I am intrigued by how we can live the 'holy life' as lay people. How do we erase the imaginary line between formal sitting practice and the rest of our lives? How can we bring full engagement to formal and informal practice? Is it possible to embody, in our lives, the understanding and insight that comes with intensive training? And can we live our lives in a way that expresses and continues to deepen our realization? These questions fuel my practice and my teaching.
I place a lot of emphasis on the Buddha's teaching about mindfulness of the body. The body is a powerful dharma gate. I encourage people to deeply investigate the body and use it as a place of recollection in daily life.
Our individual and cultural habits, our confusion, all require a sincere and ongoing commitment to spiritual life and practice. In order to mature our 'layastic' practice, we need to develop a palette of practices: mindfulness, loving-kindness, inquiry, reflection, precept practice, service, sutta study, etc.
I believe passionate engagement is the foundation of the spiritual path. Spiritual life blossoms when mindfulness is woven with a heartfelt sense of loving-kindness and compassion. With warm mindfulness as the basis of practice, our attachment to identity, roles and experience begins to loosen. As our experience and understanding matures, faith develops. This nourishes a devotion to practice which further deepens our insights.
It is precious to be born in the human realm and have an opportunity to practice and awaken. May we appreciate our inheritance and bring to life the teachings of the Buddha.
Fred von Allmen has studied and practiced under Tibetan and Theravada teachers since 1970 in Asia, Europe and the US. He has taught retreats worldwide for 25 years. The author of several Buddhist books in German, he is a co-founder of the Meditation Center Beatenberg in the Swiss Alps.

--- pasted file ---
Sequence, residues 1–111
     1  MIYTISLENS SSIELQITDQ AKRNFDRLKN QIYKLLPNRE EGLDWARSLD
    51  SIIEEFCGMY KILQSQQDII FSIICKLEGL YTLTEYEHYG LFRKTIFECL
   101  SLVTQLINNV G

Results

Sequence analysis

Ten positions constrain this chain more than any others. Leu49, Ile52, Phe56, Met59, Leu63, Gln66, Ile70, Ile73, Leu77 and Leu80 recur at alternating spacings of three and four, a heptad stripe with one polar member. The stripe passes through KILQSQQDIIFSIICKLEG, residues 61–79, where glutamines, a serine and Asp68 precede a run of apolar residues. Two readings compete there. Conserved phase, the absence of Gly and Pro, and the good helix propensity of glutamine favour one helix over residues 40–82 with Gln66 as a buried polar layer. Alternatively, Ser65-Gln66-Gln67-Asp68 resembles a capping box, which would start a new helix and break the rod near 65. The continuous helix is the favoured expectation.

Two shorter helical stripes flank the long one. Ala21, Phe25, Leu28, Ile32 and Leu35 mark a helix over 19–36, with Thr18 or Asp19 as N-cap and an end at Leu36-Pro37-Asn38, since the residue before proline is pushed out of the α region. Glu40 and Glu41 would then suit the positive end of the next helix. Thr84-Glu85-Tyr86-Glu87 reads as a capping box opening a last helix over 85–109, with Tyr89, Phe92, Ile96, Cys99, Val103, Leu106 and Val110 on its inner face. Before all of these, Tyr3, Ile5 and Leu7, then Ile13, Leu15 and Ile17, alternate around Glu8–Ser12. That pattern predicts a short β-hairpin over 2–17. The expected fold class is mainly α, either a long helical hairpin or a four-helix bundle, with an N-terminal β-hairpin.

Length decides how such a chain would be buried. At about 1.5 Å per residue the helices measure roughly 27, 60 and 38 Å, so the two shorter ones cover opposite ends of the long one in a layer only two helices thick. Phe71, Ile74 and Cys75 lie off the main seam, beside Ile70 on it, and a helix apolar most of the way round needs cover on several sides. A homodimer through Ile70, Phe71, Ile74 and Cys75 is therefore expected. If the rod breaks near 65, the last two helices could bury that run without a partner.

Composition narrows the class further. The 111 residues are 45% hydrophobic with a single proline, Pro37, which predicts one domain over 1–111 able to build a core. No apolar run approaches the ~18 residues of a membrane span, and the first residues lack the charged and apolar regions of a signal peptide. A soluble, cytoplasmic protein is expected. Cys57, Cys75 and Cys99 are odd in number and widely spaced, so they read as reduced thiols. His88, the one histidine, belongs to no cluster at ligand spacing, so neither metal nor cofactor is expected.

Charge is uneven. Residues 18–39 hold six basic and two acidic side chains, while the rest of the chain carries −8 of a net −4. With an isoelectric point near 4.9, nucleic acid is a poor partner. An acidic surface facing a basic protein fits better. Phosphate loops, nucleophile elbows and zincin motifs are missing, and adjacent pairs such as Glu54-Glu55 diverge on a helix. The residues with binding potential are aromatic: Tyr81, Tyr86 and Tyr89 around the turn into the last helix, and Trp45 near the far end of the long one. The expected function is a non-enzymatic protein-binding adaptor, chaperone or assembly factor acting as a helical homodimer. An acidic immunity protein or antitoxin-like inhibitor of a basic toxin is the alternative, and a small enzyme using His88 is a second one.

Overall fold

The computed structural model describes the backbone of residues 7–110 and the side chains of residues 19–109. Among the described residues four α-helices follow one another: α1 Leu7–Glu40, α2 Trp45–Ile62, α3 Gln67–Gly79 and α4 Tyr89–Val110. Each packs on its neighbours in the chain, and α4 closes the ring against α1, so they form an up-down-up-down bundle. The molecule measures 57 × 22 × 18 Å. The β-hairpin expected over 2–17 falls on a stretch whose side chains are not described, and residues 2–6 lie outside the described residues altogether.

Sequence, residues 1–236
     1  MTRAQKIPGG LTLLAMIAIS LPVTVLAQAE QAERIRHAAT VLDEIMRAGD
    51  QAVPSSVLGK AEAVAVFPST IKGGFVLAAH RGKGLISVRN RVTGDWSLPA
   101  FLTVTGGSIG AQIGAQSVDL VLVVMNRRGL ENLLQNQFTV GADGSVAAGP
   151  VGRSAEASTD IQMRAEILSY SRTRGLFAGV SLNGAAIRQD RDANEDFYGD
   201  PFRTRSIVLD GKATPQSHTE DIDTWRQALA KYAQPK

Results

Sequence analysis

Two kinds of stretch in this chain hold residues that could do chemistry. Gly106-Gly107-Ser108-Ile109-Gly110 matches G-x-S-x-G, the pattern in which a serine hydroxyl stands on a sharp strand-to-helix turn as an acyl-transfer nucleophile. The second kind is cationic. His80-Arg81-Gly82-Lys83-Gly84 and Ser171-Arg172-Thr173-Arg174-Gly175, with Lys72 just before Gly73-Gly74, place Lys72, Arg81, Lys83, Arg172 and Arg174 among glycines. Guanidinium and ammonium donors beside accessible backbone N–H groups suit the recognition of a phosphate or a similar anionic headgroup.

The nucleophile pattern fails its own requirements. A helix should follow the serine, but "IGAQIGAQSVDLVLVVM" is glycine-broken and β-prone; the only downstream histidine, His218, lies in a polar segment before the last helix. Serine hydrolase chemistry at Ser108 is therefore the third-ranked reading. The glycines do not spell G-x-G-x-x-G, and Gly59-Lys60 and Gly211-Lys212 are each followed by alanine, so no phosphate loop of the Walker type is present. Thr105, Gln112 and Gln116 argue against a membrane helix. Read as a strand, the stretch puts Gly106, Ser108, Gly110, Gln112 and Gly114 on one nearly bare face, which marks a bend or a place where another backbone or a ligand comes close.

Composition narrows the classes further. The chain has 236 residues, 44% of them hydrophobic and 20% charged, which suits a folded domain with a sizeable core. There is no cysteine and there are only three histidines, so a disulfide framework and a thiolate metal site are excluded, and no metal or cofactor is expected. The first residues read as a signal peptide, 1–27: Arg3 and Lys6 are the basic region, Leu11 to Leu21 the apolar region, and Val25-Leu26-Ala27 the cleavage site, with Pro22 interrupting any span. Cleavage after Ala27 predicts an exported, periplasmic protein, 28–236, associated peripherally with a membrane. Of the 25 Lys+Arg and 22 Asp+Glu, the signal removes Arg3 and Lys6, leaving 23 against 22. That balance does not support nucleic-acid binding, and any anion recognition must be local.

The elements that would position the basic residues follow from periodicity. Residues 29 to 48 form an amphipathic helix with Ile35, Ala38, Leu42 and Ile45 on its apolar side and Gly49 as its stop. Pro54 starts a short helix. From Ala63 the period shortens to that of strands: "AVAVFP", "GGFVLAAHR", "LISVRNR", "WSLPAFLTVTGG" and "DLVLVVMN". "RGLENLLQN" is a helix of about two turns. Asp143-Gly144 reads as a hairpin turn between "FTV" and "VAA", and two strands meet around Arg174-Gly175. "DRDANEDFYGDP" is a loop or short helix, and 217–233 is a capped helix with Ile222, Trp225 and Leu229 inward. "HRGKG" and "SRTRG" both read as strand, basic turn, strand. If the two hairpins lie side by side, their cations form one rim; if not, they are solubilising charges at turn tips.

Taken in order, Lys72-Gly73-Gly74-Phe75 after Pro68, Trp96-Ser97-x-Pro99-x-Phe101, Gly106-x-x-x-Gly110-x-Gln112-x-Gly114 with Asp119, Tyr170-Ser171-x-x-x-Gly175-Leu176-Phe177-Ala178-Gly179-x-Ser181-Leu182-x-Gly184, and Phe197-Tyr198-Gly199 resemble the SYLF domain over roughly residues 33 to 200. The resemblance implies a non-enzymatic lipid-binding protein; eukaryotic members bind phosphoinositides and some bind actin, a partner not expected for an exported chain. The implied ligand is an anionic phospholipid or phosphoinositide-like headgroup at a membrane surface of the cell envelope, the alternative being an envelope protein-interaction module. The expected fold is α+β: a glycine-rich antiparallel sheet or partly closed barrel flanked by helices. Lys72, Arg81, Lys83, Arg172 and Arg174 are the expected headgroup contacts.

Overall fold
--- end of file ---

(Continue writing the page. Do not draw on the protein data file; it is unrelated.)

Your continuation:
Gina Sharpe is a founding teacher of New York Insight. She discovered the Dharma over 30 years ago and has studied and practiced in Asia and the United States. She was trained as a Retreat Teacher under the mentorship of Jack Kornfield. She teaches at Retreat Centers and meditation communities around the United States, including at a maximum security prison for women. She holds two meditation classes in Westchester County, New York.
Gloria Taraniya Ambrosia has been offering instruction in Theravada Buddhist teachings and practices since 1990. She is a student of the western forest sangha, the disciples of Ajahn Sumedho and Ajahn Chah, and is a Lay Buddhist Minister in association with Abhayagiri Buddhist Monastery in California. She served as resident teacher of the Insight Meditation Society in Barre, Massachusetts from 1996 through 1999. Taraniya teaches at the Barre Center for Buddhist Studies and at Dhamma centers in the United States.
Greg Scharf has practiced with Western and Asian teachers in the Theravada tradition since 1992, and has been teaching residential retreats since 2007. His teaching emphasizes the confluence of love and wisdom on the path to liberation. All donations offered to Greg in gratitude for his teachings will be used to support charitable projects in Burma (Myanmar).